Yeah. And the book, thanks to, you know, yourself, your team and the other supporters, like, you know, we’ve done over, over a million copies just, you know, on on limitless on audio books and Kindle and print 40 different languages. We’re just very, very, very proud. We donated all the proceeds to charity. We built schools in Ghana, Guatemala, and Kenya also supported Alzheimer’s research for women. Women are twice as likely to experience Alzheimer’s than men. So in, in memory of my, in my, my grandmother. But it’s nice. You know, I feel like, you know, we’re just getting started and you know, our goal is to be able to support people, you know, having their, the brain they desire and deserve.
RV (16:53):
Yeah. And I, I think, you know, that concept of, I, that’s probably one of the reasons why I was drawn to you right from the first time I met you. You know, we were backstage originally at, at that, at my lead event, and there were so many like major VIP important people both speaking and just like in general in that Yeah. Vicinity.
JK (17:14):
That, that was, that was a, who’s who I remember was Jenna and Mel and everybody. Yeah.
RV (17:21):
But you were, you were so humble. And it was like what you just said, I think is what spoke to me was like, I’ve never ever caught a sense of ego from you or a, an ounce of like, posturing or positioning or who I know. I mean, before we started this interview, I had to even ask your permission to share. Like, are you okay if I tell people that like, you work with Hugh Jackman and the Rock and Will Smith? ’cause I know you’re like, you don’t share those things very often. And I’ve gotten to know that and I’m just like, I mean, this is amazing, Jim. Like, it’s, it’s incredible the, the, the, the people that you’re working with. And, and yet it’s the heart of going, it’s your heart of service, which has been really powerful to see and to go look at all the good you’re doing from your, from scaling.
RV (18:05):
Like look all the money you’re doing for charity and all of the people you’re reaching. And I just, I love that because to me that’s what, you know, we just, we define our audience as mission-driven messengers. Hmm. And it’s not that we don’t care about money. We do care about money, but, but money is subservient to the mission. And I’ve always felt that way about you. And I can’t say that about everybody else in this space. But I do feel that way about you and, and I and, and, and I, you know, I love that you, you know, you’ve got one book, like you put every so much into this one book. Not, not everything, you know, but like so much into this, you could have written 15 books. But like you’ve, you, this is one of the things that we, we tell our clients about books is a book should be a conclusion, not a hypothesis.
RV (18:55):
And a lot of, a lot of authors write books that are hypotheses. They have like, oh, an idea and then they put it out there. This limitless is, this is a series of conclusions of a lifetime of work and study. And it’s like, it’s banked. Dr. Mark Hyman wrote the Forward for this. Y’all like the, the, the, the doctors, some of the leading doctors in the world. Come on Jim’s podcast and everything. And I just, anyways, I, I love what you do and most of all, like the, the way that you do it I, I got one other question for you before you go, but, but, but where do you, before that, where should people go, Jim, if they want to, you know, connect up with you, obviously they can get limitless, expanded. Well else would you send them?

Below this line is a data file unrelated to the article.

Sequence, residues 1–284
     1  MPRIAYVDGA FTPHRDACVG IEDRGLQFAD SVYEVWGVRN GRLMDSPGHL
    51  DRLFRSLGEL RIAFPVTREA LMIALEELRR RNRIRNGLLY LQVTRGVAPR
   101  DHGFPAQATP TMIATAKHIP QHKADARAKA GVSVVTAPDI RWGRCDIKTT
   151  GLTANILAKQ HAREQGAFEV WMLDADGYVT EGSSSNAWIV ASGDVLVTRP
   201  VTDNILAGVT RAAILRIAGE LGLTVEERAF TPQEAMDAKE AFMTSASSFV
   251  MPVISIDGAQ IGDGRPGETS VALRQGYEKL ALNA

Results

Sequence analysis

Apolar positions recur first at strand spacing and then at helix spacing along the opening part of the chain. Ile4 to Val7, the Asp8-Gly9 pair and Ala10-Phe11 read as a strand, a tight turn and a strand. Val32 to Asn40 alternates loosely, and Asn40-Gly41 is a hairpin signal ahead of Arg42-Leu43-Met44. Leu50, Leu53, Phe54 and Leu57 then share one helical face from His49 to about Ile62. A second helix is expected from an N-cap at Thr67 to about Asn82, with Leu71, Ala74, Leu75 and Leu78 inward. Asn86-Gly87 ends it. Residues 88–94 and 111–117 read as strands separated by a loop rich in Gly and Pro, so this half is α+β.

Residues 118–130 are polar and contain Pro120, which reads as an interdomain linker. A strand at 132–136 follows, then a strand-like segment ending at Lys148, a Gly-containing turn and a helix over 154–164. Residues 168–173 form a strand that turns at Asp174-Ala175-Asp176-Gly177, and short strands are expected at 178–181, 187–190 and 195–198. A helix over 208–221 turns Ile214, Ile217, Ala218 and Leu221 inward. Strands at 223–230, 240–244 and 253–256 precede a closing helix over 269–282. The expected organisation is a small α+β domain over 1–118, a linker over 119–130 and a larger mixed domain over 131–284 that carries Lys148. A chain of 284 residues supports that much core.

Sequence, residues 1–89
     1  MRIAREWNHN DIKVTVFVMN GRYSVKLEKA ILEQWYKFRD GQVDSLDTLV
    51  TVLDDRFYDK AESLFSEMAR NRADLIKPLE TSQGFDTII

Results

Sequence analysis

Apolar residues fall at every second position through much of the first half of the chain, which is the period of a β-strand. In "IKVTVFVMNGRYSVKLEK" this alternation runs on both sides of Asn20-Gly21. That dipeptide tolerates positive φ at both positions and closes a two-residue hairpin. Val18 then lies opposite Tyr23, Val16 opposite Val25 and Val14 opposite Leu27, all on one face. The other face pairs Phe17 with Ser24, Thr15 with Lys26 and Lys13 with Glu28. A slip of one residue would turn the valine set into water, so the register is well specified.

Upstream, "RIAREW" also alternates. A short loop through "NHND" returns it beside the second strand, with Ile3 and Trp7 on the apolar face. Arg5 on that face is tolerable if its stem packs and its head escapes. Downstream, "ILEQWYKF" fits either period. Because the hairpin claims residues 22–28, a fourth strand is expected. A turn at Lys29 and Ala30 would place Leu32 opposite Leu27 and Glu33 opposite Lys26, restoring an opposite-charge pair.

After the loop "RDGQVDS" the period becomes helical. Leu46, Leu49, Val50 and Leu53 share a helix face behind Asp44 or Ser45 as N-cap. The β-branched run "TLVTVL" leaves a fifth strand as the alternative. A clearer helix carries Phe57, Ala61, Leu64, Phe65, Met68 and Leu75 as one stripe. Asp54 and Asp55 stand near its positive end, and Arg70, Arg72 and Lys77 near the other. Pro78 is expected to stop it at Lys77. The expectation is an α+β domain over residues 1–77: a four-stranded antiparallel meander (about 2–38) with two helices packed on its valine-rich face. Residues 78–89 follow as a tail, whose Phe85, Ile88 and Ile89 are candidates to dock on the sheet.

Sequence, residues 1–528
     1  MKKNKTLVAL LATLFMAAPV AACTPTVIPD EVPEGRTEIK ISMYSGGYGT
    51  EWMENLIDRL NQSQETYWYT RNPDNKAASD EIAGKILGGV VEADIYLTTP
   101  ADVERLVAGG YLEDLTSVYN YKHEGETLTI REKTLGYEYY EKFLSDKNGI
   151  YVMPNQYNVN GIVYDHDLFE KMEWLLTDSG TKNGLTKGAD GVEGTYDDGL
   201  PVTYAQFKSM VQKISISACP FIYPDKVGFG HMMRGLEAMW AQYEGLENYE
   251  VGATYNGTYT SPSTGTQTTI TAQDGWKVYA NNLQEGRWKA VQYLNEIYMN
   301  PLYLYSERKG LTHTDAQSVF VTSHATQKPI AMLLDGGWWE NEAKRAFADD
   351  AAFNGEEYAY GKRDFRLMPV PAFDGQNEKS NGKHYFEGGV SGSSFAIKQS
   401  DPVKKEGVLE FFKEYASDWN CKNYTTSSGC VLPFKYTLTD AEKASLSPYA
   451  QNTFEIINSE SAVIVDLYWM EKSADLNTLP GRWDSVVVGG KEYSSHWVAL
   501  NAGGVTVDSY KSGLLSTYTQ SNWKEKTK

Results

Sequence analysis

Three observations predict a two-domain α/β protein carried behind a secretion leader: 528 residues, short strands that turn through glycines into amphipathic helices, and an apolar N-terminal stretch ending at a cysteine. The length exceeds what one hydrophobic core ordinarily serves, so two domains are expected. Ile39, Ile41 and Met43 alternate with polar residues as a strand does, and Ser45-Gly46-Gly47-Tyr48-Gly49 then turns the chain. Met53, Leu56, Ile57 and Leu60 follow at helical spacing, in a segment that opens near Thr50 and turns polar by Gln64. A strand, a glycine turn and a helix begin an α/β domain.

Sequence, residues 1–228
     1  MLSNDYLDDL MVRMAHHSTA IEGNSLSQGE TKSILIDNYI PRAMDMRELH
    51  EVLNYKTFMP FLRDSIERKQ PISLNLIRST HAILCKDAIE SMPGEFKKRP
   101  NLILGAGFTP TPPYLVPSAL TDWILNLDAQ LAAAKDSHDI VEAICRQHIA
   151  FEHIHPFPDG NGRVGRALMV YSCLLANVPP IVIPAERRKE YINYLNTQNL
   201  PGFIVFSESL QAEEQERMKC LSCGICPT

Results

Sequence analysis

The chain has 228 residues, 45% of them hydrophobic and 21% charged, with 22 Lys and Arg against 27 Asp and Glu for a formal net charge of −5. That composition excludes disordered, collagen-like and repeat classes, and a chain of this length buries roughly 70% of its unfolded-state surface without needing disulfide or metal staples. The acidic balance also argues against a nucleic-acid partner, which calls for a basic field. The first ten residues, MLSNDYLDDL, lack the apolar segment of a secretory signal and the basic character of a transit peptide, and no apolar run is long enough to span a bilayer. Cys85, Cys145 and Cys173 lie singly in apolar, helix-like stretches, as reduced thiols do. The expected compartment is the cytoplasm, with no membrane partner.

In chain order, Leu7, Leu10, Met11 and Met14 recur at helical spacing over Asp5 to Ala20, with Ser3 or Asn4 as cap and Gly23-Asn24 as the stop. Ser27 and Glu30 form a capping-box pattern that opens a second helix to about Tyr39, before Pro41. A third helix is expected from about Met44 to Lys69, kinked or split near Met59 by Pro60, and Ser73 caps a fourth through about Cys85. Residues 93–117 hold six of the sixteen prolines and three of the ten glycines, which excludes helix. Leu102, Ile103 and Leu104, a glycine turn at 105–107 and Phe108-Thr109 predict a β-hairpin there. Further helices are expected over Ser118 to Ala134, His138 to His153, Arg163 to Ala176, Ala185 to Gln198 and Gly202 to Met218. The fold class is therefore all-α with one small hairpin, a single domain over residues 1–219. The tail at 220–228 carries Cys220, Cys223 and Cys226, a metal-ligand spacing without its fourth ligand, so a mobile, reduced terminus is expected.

JK (19:38):
The book [email protected]. You get to where support your local bookstores, you know I would say social media, you know, take a screenshot of this conversation wherever you’re consuming it, and tag Rory, tag myself. Say hi. I’ll repost some of you know, some randomly and gift out a few copies of, of Limitless to your community as a thank you for having me on your show. We, we were not, we’re, we’re not hard to find, you know, just search my name in your podcast app. We just crossed a 1.5 million subscribers on YouTube. So we put, you know, regular content there and help how to read faster, improve your memory, best Brain Foods, changing your habits, unlocking limitless motivation and, and so, so much more. Yeah.
RV (20:29):
I mean, it’s amazing. And if you, if you just think about like the a hundred million podcast downloads and the, the millions of subscribers, all the people you’ve helped that never buy a book or never buy one of your courses or programs. Like what a what a what a gift.
JK (20:46):
Nine 95% of what we put out there is completely free. You know, we’ve just, again, we wanna positively impact at least 1 billion brains. It’s pretty bold and audacious. That’s why we appreciate you and your community and just helping us show people build a better, brighter world. I believe you change your brain, you change your life, you change your brain. You could change the world. And yeah, I’m, I’m very optimistic of, you know, what the next, in the years are for everybody here that’s listening, you know, in terms of their own potential and on performance.
RV (21:20):
Yeah. So last little thing. You know, if somebody is sitting in that moment right now, Jim, they’re listening to this and they, they have a label that’s a limit, right? They had somebody say something to them. Yeah. Or they had, they said something to themselves and maybe they, they do have a vision to go, I want to impact millions of people. I want, I wanna, I wanna create videos, I wanna create content. But they’re struggling in that moment. Like, what, what, what encouragement, what last little bit of encouragement would you give to that person?
JK (21:47):